She plans to be part of another New London scene very soon. She has rented art studio space at 38 Green Street Galleries for her painting studio. Fosnot's paintings decorate every room in her Ocean Avenue home, many of them depicting scenes of people interacting with a calm ocean beach setting, most of those created before she thought about moving to New London.

She created a series called "Emergence" out of seven used paint pallets, melding the colors to depict the Biblical creation of the universe.

"I will put myself in with serious artists to get me motivated," she said of her art studio.

To Fosnot, art and math are naturally paired together. Solving a math problem is beautiful and artistic, she said, and the spatial relations of geometric shapes enter into her artwork in themed pieces that each show a single human being seemingly trapped in a three-dimensional space. She calls these "Creativity Constrained."

She did a large self portrait that shows her looking down into a mirror, with one of her math books in one hand and an open art book in front of her.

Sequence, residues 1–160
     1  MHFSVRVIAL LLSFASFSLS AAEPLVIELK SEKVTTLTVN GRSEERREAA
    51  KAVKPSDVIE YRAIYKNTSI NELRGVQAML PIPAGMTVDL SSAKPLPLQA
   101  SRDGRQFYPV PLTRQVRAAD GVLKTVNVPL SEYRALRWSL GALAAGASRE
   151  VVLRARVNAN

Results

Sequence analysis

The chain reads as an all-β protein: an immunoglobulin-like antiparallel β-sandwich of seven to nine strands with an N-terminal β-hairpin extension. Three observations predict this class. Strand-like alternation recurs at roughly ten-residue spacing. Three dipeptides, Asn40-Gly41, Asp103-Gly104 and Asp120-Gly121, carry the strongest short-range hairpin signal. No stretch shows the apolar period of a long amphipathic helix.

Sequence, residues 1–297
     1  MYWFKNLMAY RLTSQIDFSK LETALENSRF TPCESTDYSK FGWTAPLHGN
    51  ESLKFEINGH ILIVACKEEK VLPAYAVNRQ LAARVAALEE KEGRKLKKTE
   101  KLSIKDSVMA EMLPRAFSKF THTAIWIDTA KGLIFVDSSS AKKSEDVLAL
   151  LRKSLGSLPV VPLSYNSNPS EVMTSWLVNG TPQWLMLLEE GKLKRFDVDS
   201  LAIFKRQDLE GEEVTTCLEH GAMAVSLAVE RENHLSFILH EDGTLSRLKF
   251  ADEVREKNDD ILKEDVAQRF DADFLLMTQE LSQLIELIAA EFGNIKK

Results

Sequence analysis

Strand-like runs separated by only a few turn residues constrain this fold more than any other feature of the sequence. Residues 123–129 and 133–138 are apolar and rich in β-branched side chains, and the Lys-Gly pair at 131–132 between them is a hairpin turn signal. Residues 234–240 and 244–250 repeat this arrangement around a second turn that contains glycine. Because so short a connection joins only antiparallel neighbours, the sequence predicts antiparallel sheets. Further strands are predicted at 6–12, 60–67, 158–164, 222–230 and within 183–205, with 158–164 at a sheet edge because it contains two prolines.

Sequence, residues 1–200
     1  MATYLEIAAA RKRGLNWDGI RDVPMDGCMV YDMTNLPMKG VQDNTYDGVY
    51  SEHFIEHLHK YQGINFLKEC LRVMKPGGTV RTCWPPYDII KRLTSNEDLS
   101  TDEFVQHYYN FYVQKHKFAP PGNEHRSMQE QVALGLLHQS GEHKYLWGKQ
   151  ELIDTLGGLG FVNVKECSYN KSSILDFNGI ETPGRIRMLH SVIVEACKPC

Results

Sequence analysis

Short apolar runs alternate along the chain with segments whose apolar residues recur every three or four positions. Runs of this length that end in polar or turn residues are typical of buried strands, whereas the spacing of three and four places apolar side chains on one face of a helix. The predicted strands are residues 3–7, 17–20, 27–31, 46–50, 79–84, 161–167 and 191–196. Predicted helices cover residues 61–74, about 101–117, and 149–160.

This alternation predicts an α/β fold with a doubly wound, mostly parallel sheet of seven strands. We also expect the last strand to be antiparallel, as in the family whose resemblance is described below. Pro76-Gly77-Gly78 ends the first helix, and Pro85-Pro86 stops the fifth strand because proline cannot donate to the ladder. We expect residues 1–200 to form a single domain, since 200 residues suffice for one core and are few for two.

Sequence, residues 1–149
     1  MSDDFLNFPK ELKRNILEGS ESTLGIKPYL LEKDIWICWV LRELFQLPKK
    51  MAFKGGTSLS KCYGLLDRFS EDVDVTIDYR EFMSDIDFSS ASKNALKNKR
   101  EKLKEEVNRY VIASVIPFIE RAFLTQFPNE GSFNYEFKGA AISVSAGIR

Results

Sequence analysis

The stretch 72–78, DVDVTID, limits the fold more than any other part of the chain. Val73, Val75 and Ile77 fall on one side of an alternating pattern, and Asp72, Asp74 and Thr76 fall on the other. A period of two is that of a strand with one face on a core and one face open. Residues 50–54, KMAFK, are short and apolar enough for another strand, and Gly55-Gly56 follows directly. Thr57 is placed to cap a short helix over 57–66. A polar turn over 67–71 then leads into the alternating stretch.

Fosnot said she has loved math for as long as she can remember. She won a sixth grade math contest at the Elizabeth Street School in Norwich, but she traced her desire to be a math teacher to an incident at NFA.

She was a straight-A math student, but in the second level class in the years of tiered classes. She asked a teacher why she wasn't in the top tier and was told flatly "the top class was for the boys who were all going to be engineers." She recalled there were a couple of girls in that class, but that was all.

"That's what motivated me to be a math teacher," she said.

c.bessette@theday.com